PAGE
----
Make your pick-up time fun by challenging each other to races or by sliding the Matchbox cars down a strip of racetrack into their storage box. Always allow for clean-up time as a part of playtime, so that no one is caught by surprise, and you are not left to clean up the mess after everyone else is tucked into bed. I did not want to make pick-up time feel like a punishment to be dreaded, so I helped my children as they learned the task and praised them for the good jobs they were doing. I have always enjoyed having someone to talk to while I clean up my kitchen, so I could easily understand why my children wanted my company while picking up their toys. “Together-time” with your children is never wasted time.
Another reward for a job well done was permission to play with more than one board game at a time. When I was a child, my mother had a strict rule that one game or puzzle had to be completely picked up and put away before a second one could be brought out. My children’s success at efficiently sorting and storing won them the privilege of playing with more than one thing at a time — which their creative minds took to new heights as they invented ways of combining games. They found it as much fun to sort out the pieces from multiple games, as it had been to play with the games themselves. Plus, you can only have enough letter tiles to solve some word puzzles when you combine the tiles from Scrabble, Scrabble Junior, and Upwords along with the anagram tiles!
I began teaching this sorting task to my children when they were very small — toddlers, in fact — years before we began homeschooling. I did not actually see the connection to higher math until years later. My children had no difficulty with understanding the concepts of polynomials (xy-type variables, for those of you who have forgotten or not reached that point yet in your homeschool), due in great part, I feel, to the sorting skills they possessed.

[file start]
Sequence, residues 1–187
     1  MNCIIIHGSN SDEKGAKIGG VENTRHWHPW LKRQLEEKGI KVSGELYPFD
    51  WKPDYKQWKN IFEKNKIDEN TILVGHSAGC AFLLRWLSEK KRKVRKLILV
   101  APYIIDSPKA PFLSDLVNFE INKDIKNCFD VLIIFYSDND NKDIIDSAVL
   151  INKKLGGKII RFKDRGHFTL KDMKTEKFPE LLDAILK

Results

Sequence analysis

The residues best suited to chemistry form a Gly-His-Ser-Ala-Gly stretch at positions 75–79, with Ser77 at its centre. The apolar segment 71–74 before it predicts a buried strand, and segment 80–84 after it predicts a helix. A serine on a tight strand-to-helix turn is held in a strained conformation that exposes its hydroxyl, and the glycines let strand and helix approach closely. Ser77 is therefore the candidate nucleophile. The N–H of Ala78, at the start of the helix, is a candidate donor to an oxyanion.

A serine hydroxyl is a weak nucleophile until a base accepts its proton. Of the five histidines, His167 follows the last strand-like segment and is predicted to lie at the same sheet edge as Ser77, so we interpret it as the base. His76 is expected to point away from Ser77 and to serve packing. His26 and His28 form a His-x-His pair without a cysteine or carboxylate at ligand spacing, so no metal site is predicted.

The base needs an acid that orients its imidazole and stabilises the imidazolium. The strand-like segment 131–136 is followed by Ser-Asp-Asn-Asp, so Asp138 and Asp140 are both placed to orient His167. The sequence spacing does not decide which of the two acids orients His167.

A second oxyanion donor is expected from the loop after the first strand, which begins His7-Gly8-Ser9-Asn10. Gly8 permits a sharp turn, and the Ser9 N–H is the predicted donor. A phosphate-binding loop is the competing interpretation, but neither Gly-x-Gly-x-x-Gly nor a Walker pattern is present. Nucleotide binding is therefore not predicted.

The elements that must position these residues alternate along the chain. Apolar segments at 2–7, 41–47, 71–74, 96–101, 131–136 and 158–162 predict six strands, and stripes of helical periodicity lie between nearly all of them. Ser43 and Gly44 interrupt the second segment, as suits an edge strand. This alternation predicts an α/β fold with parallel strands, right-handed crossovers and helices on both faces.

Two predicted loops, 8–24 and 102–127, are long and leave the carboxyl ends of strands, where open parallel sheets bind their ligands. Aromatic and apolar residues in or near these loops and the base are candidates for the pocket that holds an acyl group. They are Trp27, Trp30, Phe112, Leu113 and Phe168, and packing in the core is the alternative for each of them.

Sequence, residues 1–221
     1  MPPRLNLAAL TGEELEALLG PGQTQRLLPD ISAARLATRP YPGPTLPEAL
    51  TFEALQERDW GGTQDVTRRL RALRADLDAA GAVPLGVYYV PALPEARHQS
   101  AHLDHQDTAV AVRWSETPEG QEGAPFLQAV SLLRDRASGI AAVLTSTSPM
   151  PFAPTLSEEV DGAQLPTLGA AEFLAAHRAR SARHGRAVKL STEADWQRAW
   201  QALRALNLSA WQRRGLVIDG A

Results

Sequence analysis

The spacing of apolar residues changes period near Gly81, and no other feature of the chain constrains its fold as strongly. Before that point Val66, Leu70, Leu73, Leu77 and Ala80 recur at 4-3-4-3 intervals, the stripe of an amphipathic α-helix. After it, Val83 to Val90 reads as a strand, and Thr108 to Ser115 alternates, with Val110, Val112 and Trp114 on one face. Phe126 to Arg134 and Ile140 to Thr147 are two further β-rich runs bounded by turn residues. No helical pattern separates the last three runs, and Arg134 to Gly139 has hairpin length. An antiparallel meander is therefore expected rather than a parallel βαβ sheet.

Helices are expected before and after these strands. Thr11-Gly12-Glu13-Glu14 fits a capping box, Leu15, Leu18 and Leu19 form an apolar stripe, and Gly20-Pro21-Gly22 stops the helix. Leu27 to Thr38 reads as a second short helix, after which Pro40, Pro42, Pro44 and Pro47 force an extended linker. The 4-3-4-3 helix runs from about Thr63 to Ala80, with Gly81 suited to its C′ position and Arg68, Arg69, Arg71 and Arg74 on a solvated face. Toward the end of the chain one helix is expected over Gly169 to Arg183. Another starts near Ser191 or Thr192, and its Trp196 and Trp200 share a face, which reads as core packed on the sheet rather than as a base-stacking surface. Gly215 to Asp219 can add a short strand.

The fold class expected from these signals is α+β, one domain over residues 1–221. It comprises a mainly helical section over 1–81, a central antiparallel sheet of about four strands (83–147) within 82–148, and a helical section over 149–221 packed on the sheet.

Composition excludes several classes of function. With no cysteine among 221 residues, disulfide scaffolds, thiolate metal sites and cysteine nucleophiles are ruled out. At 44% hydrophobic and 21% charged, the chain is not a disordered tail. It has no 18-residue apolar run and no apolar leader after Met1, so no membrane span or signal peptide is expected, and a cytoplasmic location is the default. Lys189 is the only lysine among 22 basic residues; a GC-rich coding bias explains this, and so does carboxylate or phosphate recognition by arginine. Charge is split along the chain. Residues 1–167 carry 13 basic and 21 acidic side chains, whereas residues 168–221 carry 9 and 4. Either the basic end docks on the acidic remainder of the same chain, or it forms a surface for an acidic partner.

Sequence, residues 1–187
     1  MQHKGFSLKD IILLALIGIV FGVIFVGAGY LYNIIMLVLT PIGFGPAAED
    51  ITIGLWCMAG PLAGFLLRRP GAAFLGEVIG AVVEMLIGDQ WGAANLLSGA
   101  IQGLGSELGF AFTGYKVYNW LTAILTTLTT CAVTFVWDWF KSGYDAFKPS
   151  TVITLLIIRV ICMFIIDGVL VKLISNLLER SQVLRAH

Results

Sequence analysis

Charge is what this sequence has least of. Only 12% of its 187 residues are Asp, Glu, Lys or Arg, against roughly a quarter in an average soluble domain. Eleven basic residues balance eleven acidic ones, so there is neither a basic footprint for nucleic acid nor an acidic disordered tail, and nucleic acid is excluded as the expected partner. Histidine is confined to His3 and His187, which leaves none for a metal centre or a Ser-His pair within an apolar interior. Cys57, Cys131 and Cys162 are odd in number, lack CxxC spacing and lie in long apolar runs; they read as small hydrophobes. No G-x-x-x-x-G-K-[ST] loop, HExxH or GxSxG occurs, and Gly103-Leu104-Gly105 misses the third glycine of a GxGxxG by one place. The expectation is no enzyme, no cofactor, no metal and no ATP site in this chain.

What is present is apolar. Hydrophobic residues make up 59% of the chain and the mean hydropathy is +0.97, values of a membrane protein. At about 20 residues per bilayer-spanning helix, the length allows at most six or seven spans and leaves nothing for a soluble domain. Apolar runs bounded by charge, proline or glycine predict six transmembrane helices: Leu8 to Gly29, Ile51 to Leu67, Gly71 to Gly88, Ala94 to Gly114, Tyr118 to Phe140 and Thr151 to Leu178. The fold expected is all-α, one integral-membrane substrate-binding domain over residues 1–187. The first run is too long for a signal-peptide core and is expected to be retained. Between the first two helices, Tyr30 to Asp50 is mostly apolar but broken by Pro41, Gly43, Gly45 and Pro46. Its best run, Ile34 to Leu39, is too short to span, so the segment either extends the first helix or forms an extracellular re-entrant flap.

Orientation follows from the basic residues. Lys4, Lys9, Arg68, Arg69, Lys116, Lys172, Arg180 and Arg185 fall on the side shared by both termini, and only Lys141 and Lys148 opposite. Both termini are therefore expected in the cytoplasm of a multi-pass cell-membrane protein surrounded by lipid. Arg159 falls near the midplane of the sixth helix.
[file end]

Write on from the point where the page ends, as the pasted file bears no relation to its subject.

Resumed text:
We held a birthday party for my daughter at age 15 and invited a handful of her homeschool peers. One of the games we had prepared was a jigsaw puzzle challenge. Each team of 2 girls was given a bag of jigsaw puzzle pieces: 3 puzzles combined — all simple, elementary level puzzles of varying size and complexity, but with all their pieces combined. The challenge was to separate the puzzles and reassemble all 3 puzzles before the other teams completed theirs. I was amazed at how difficult this was for some of the girls. Even though the puzzles were easily separated by the size of their pieces, some of the players had extreme difficulty in recognizing that. None of the puzzles contained more than 100 pieces, and each one was very simple to distinguish from the others and put together. As I later analyzed this situation in regard to the families involved, I concluded that the players who had the most difficulty came from families where Overworked Mom did all the picking up.
We should never feel that teaching our children to do household cleaning tasks is a punishment for them — it is giving them a future, valuable, life skill. In this particular case, they will learn recognition, sorting, and organization — skills valuable for their further education, as well as being beneficial for personal and professional choices they will make later in their lives. Learning to sort toys is learning to prioritize.
[See also The Importance of Play in Education]